Calgary police say they’re ‘listening and learning’

Calgary Police Services say their 'committed to listening and working with our community.'

Calgary police Chief Mark Neufeld. Media Library

Chief Constable Mark Neufeld of the Calgary Police said the ‘police service is listening’.

Over the past two weeks, Calgarians have taken to the streets to support the Black Lives Matter movement.

As the protests continue across the city and country, people are asking that police are held accountable for their involvement on the issues.

Today Chief Neufeld said the protests are shining a light on conversations that need to be had.

“While the events that started these protests are heartbreaking, the conversations that are occurring since that time are actually really good,” said Neufeld.

“Let me be clear, CPS does not tolerate racism. Let me be clear, CPS does not tolerate police brutality. We do not tolerate the intentional use of force that is excessive in violation of the law or policies,” said Neufeld.

People want to see real change

Calgary Police Services released a statement saying they have training in place to ensure officers are equipped to handle the “sensitive to the diverse needs of Calgarians.”

Neufeld addressed the concerns of the public, saying that more needs to be done to ensure everyone in the community is supported.

Racism isn’t the only concern on people’s minds right now. Police brutality is a major factor in the current fight.

Some people have been calling to ‘de-fund’ the police, redirecting funding for social programs that address root causes. Also to demilitarize police forces.

Others however, just want to know that something is being done and that police are listening and working harder.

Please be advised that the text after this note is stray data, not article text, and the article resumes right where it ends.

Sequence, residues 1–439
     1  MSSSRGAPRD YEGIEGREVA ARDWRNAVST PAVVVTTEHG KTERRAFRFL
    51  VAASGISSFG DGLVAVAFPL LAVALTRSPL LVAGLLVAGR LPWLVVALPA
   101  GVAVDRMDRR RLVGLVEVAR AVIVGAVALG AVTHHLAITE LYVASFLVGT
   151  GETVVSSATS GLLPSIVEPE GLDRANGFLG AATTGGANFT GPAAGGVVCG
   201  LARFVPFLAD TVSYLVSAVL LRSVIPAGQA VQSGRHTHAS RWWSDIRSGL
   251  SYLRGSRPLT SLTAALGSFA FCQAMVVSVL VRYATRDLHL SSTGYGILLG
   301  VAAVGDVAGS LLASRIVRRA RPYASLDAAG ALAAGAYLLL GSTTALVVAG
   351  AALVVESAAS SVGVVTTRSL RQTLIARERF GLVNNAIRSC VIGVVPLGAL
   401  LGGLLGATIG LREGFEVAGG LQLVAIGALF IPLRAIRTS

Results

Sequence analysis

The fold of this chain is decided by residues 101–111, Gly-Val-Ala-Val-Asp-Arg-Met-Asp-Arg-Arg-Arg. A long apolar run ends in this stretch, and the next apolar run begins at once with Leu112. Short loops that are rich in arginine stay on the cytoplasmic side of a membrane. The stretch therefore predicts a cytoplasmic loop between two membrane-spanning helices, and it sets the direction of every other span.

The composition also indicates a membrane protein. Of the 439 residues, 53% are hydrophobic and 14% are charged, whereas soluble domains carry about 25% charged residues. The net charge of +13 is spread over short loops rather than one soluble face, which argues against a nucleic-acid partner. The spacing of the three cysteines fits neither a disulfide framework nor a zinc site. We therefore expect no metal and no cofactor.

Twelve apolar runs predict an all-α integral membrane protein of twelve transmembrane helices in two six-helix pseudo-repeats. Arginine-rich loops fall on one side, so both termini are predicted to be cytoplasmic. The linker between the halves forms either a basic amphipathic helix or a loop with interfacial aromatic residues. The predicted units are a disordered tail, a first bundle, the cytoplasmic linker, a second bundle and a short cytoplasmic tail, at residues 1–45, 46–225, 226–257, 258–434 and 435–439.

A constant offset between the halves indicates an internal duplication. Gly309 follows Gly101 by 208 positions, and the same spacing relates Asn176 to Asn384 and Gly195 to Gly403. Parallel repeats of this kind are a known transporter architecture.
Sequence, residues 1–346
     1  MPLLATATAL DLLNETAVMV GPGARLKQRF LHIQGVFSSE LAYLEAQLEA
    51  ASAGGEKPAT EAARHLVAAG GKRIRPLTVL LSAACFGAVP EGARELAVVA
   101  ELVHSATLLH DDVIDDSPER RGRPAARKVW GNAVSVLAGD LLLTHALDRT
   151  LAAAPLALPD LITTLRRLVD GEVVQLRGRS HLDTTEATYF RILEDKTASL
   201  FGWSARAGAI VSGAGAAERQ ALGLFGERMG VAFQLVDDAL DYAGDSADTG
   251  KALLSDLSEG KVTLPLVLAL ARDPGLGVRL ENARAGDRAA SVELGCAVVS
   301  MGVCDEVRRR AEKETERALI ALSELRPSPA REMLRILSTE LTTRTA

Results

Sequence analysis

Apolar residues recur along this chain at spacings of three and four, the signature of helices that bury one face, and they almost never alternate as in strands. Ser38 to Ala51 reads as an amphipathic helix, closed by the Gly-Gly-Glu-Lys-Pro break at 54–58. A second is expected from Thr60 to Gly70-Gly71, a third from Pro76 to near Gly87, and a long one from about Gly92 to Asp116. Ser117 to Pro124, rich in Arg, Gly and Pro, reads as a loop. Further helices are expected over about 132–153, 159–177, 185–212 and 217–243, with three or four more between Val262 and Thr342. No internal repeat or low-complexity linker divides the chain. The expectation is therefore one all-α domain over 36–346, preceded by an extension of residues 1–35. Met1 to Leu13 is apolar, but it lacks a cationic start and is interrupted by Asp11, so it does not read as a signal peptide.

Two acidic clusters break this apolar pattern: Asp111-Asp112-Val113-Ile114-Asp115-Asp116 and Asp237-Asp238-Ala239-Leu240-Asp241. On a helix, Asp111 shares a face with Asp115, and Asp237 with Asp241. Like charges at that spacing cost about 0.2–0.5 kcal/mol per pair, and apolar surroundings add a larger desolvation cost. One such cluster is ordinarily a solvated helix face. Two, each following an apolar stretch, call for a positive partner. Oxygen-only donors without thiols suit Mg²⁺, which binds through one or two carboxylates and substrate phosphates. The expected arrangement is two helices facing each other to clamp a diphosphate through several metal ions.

According to the CPS, officers are required to attend 30 hours of training and testing to improve de-escalation techniques.

Deputy Chief Raj Gill said that they plan to increase training for officers.

“This year we are expanding the mandatory annual retraining to further enhance our de-escalation techniques and full range of control tactics,” said Gill.

“We recognize that there’s still work to be done. We still make mistakes, but we are committed to learning from our mistakes.”

Body cams, diversity team

Many people are asking that police be required to wear body-cam equipment to ensure any escalations between police and civilians are caught on camera.

Deputy Chief Katie McLellan said that every police officer is required to wear a body-cam. They’ve been required since 2009.

“The object of the body worn cameras, is to provide an unbiased and unchanging view of the quality of interactions our officers have with citizens through the course of their duties,” said McLellan.

The Calgary Police said they’re committed to the community and have programs in place to help diverse groups.

Acting Deputy Chief Cliff O’Brien, said hate crime teams and diversity teams are continuously working with volunteers to steer positive and educational conversations.

“We recognize that we have differences here in Calgary. Frankly, we embrace those differences and our diversity team works to build and enhance relationships,” said O’Brien.

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